I’ve been feeling a touch morose lately, what with the state of the world at large and my own re-quarantined state. (Which will hopefully end soon.)
Last night, I lingered at the barn after a short ride, thinking a lot about my relationship with Tristan. He’s been the center of my whole world for almost half my life – fifteen years straight now. And he’s 25, and he is starting to pop up health scares semi-regularly.
I’ve talked on and off on this blog about figuring out his retirement, and I wish all those words written had helped me arrive at some kind of an answer.
The reality: Tristan is ageing and has never loved being in work. Mentally, he would adjust quite happily to doing nothing with me visiting and fussing over him from time to time. Keeping him in work keeps him limber, but not necessarily happy.
More reality: I still don’t have a good answer about the logistics of retiring him. I can’t bear the idea of sending him further away than I could visit regularly. Retiring him in place is an option, but an expensive one.
Further reality: Financially, I cannot have a second horse while he’s retired. So a true, full retirement for him means I am done riding regularly.
Finally, the inescapable one: as hard as those things are to think about, worse still is the idea of him not being there. I don’t even know what the shape of my life is without him. I don’t want to know.
5 thoughts on “The R-Word”
I just went through this unexpectedly. Scarlet suddenly had nerve issues back in October. I was hopeful that time and rehab would help whatever had caused it to come up. I wanted us to get back to riding. But I’ve just talked more with my vet recently and given how things look now, we are done. Scarlet is happy and healthy outside his nerve issues. He can get up and get down. So he is retired. Not the retirement I want. I already lost him for six years so retiring him somewhere that isn’t his current barn is a no go for me. I can’t afford a second horse at this time so I’m hoping to catch rides.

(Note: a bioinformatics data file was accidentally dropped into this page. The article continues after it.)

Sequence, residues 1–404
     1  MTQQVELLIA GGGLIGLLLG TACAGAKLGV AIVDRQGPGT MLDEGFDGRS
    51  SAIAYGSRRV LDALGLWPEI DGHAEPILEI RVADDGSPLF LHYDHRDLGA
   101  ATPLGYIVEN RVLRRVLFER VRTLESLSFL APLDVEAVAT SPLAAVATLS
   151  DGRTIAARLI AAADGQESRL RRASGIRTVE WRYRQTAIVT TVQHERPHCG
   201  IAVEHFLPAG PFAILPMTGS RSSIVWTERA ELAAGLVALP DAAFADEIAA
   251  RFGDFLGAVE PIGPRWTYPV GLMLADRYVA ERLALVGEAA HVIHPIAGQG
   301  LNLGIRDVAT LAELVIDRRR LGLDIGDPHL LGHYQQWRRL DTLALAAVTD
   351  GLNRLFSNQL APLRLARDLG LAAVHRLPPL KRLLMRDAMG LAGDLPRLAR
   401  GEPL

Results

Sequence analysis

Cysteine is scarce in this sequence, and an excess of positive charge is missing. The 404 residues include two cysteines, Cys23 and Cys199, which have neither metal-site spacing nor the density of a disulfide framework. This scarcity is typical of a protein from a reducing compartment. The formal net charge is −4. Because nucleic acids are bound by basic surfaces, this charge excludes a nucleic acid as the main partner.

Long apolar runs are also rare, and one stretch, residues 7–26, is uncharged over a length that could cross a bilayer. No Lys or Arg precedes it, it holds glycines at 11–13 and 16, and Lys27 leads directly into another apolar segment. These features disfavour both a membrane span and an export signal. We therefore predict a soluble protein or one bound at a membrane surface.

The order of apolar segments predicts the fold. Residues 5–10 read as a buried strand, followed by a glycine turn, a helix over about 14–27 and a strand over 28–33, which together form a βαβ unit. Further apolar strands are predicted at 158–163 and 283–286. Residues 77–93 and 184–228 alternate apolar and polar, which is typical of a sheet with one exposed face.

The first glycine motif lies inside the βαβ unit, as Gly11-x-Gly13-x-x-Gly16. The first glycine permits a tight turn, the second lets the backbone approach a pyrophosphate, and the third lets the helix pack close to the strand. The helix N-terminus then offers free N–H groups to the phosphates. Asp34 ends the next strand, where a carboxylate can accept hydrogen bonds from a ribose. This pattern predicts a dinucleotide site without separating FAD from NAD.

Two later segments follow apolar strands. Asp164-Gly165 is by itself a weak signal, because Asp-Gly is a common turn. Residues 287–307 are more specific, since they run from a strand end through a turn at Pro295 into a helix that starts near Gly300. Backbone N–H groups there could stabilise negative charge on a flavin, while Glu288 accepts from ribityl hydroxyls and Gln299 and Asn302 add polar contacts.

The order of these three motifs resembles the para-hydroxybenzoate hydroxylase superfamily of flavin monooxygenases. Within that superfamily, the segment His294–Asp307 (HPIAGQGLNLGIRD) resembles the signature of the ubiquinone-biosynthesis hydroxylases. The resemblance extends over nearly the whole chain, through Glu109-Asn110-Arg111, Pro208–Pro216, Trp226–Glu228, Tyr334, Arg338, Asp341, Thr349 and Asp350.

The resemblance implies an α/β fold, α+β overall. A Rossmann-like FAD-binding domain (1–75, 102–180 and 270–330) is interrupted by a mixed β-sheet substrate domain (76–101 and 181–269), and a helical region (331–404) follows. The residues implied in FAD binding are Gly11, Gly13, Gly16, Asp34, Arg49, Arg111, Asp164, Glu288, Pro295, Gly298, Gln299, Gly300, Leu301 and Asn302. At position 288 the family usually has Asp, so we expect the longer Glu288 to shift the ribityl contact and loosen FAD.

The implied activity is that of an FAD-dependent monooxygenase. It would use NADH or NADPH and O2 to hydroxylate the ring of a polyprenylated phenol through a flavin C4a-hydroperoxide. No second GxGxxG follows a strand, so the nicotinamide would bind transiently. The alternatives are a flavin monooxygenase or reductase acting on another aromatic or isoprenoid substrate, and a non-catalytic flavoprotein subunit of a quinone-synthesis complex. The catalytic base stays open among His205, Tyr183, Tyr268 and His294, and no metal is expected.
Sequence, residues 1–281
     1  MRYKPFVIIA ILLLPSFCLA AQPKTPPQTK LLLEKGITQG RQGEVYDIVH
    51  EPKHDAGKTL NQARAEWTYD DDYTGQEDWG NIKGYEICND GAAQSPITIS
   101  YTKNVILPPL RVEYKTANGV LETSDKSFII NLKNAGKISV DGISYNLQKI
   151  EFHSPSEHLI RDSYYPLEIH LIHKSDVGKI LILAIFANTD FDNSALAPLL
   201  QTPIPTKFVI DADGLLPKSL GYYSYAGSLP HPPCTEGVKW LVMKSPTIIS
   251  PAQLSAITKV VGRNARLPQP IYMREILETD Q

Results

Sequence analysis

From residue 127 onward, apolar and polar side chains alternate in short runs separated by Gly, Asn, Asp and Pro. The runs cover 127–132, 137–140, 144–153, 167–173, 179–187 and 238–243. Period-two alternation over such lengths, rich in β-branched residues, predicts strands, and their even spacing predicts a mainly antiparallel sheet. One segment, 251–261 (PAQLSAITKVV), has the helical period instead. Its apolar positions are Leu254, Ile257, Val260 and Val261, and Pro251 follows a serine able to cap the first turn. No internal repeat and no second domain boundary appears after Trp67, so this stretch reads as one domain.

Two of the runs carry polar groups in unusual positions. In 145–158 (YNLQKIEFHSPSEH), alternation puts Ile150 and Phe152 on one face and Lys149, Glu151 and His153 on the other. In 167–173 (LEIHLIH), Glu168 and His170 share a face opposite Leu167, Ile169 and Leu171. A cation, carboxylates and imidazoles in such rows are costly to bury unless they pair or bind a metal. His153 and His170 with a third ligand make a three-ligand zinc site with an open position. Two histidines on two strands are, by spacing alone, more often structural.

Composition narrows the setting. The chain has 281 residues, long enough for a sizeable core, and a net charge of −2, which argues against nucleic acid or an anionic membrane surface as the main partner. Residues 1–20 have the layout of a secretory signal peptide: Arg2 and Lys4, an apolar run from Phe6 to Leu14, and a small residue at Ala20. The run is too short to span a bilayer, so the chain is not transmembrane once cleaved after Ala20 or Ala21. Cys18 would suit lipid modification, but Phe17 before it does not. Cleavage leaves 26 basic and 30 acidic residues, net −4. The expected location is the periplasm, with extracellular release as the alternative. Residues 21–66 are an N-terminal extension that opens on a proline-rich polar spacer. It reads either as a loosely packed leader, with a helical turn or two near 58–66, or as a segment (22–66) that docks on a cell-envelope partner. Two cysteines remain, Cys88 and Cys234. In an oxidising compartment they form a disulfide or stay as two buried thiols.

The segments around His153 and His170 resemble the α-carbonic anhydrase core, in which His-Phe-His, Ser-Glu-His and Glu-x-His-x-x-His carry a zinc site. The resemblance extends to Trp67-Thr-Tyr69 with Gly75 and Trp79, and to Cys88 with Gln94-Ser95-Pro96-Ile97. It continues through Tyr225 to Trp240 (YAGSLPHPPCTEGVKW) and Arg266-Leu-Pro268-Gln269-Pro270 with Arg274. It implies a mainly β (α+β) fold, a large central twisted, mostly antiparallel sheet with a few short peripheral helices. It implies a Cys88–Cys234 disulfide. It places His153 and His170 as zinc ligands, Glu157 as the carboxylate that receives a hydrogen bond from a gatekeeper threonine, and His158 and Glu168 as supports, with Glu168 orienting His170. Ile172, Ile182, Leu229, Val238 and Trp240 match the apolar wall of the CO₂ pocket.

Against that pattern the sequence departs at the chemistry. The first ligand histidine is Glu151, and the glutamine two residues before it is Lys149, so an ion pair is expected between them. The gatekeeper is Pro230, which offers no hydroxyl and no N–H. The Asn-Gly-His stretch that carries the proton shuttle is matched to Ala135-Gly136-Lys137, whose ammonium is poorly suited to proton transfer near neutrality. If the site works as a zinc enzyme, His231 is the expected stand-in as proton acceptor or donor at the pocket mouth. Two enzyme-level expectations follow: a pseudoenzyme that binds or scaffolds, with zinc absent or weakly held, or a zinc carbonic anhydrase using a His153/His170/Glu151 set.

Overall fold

Its a hard choice but like you, he’s still here and that matters more than the riding. Hang in there. I can’t say it gets better but there is some peace in knowing that we are doing the right thing for our horses.
He looks like he’s doing good for 25, but trying to plan for the future is always a good idea. Being a boarder and having to pay for retirement is a tough situation. It was one of the big reasons we wanted to have our own property. I’m very fortunate. And the two retired mares are living a lucky life here even if they do t know it.
These decisions are so hard. I struggled with what to do for Rio when he was younger, but then with the EPM it seemed my place was okay for his old age after all. And I never did get there with Jampy. But I had never really formed a plan either. I know you’ll figure out what’s best for the both of you.
It’s a hard thing to contemplate. That said, he’s doing well and there’s no need to retire him right now. 🙂 it gives you time to look at some potential options.
ugh my plan is that charlie will just never ever get older and he will be my riding horse forever 😦